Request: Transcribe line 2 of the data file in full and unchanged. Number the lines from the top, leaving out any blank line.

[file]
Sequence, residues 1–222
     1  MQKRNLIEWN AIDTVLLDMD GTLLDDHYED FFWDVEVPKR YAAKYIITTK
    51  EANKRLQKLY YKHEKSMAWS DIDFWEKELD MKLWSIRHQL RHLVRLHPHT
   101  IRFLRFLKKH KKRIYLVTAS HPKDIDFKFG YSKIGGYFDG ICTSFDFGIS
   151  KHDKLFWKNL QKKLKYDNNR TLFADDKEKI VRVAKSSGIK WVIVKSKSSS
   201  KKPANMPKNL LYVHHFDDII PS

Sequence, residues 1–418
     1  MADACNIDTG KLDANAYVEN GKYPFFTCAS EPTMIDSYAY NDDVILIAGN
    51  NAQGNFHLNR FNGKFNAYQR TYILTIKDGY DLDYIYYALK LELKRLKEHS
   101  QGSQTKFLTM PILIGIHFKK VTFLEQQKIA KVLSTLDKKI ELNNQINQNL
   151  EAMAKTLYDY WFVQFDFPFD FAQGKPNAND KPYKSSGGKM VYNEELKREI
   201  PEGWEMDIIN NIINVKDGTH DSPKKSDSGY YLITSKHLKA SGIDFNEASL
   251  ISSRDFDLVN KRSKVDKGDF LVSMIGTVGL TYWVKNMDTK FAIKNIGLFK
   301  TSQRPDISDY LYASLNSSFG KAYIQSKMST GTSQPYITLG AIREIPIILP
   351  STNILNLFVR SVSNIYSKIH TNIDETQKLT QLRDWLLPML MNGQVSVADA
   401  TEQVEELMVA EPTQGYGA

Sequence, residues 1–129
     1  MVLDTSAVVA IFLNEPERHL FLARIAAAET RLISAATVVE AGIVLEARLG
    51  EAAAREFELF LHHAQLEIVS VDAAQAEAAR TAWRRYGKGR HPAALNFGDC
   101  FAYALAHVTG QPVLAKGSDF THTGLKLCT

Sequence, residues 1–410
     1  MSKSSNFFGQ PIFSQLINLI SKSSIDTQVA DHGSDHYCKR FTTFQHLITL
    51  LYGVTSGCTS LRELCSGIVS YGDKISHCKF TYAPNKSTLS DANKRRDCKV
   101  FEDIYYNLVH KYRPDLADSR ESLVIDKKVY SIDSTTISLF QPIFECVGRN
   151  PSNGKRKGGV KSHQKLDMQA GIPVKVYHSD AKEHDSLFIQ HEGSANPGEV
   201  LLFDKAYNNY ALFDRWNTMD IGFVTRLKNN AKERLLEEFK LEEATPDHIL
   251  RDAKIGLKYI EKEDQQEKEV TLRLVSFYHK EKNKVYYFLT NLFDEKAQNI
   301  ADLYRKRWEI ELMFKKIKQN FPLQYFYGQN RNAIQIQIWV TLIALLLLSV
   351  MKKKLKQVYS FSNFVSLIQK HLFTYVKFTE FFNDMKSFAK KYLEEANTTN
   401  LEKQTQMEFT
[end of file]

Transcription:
     1  MQKRNLIEWN AIDTVLLDMD GTLLDDHYED FFWDVEVPKR YAAKYIITTK